1. Be clear about what you want to say and then say it in as few words as possible
Because we are all getting bombarded with words, people don’t want any more words than they need.
Write clearly and concisely, so that your website is enjoyable to read.
Use bullet points.
2. Write in short sentences
Long sentences are difficult to digest. They are also unpleasant to read.
Luckily there is always a way to break a long sentence into a shorter one.
When you write for websites chop out redundant words whenever you can. I actually find the process of deleting unnecessary words a lot of fun.
Yes I do need to get out more!
3. Make your text useful
When writing website blog articles or tips, make them useful, easy to read and helpful.
We’ve all read blogs that are completely lacking in substance, and that clearly demonstrate a lack of effort on behalf of the writer.
On the other hand, articles or blogs that give people value draw lots of traffic to your website and help people too!
4. Use lots of images and make your website lovely to look at
The old adage, “a picture is worth a thousand words,” sums it up. We all love images. No one wants to be confronted with a wall of text. These days we are all drowning in more and more text. We want colour and life, in photo, graphic or video form.
Effective writing for websites actually means less writing. Happy news!!!
If you have one of those awful 1990’s websites that are full of small headings, reams of text and yucky graphics on a grey background, get yourself a new one. The good news is there are plenty of lovely looking mobile friendly websites that you can make yourself these days.
5. Outline your experience and how wonderful you are
If you want people to part with their money to buy the product or service you offer, you have to give them some information about you.
We all hate banging on about ourselves.
We also all hate the process of sitting down to identify our experience and skills. Personally I always feel remarkably deficient when I do this.
But doing so it essential, because if you want someone to give you their money, they have to know who they’re dealing with.
As a customer, I want to know that I am dealing with a legitimate business, and one that at least seems trustworthy before I hand over my cold hard cash.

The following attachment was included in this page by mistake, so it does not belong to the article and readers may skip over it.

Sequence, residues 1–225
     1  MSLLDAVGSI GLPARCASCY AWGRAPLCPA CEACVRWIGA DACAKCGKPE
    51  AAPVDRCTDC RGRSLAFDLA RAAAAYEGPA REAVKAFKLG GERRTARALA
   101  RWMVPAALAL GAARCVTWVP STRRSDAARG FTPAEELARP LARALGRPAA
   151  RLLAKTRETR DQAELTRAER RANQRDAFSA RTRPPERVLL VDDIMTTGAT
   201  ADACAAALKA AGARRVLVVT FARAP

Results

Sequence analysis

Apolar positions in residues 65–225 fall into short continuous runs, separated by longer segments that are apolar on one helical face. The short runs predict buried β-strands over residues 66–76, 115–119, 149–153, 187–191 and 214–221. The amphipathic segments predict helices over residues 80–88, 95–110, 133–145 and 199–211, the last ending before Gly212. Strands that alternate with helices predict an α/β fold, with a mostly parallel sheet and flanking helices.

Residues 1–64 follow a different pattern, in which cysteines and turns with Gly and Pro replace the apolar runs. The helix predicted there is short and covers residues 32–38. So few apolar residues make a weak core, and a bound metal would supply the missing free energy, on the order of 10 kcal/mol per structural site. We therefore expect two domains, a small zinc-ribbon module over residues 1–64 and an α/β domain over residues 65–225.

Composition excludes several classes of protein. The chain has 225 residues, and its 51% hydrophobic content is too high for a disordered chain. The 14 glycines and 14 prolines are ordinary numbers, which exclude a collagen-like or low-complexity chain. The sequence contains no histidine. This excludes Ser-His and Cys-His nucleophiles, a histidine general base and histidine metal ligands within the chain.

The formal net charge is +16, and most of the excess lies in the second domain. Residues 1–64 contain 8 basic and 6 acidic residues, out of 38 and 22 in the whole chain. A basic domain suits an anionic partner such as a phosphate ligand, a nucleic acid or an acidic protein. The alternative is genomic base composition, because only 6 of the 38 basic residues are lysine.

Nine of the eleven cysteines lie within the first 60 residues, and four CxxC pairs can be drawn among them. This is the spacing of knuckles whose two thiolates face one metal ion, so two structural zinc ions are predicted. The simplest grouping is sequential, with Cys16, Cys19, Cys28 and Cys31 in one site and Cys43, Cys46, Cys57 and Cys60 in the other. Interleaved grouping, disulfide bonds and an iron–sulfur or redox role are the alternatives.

Don’t worry, you don’t need to come across like you are completely full-of-yourself.
Write about your experience and what makes you different to other businesses. Talk about any professional accreditations or memberships you hold, and any qualifications or awards you’ve earned.
Don’t worry if you don’t have any sparkling awards or special qualifications, I don’t. I still found plenty to include under the About page of my website.
Trust me, you’re not an arrogant, conceited know-it-all. You are simply stating the truth. Not only that, but people don’t actually care if you have 15 qualifications under your belt or one, they just need to know a little bit about who they are dealing with. Then they’re happy to pick up the phone and ring you.
6. Emphasise the kind of market you want to specialise in
While you will always write about your experience so far on your website, you also have an opportunity to emphasise the kind of work you want to be doing now and in the future.
Your website should emphasise the niche you want to work in and the work you want to do within that niche.
Devote more space to the goods or services you want to sell and less to those that you’d prefer to sell less often.
7. Don’t leave people hanging
While it is always important to be as succinct as possible, make sure your website gives customers enough information to satisfy them.
We’ve all been left hanging before.
You know the feeling. You hop online because you really want to buy that lovely floor mat, only to find out that there are no measurements listed for it. So because you don’t know if the floor mat is the size of a whole room or the size of a door mat, you leave the website angry and disappointed, never to return.
Even if you’re not selling products online, write enough about what you offer. So if you hire out machinery, do you offer wet and dry hire? If your function centre has meeting room facilities, how many people can each meeting room accommodate and what is provided with the room? If you provide business coaching services, are you available after hours and do you provide a discount for multiple sessions?
Think about what you would want to know if you were buying the item or service you are selling. Customers are always going to feel anxious that you are going to let them down, and providing adequate information makes them feel confident enough to at least make that initial enquiry.
© Annemaree Jensen 2020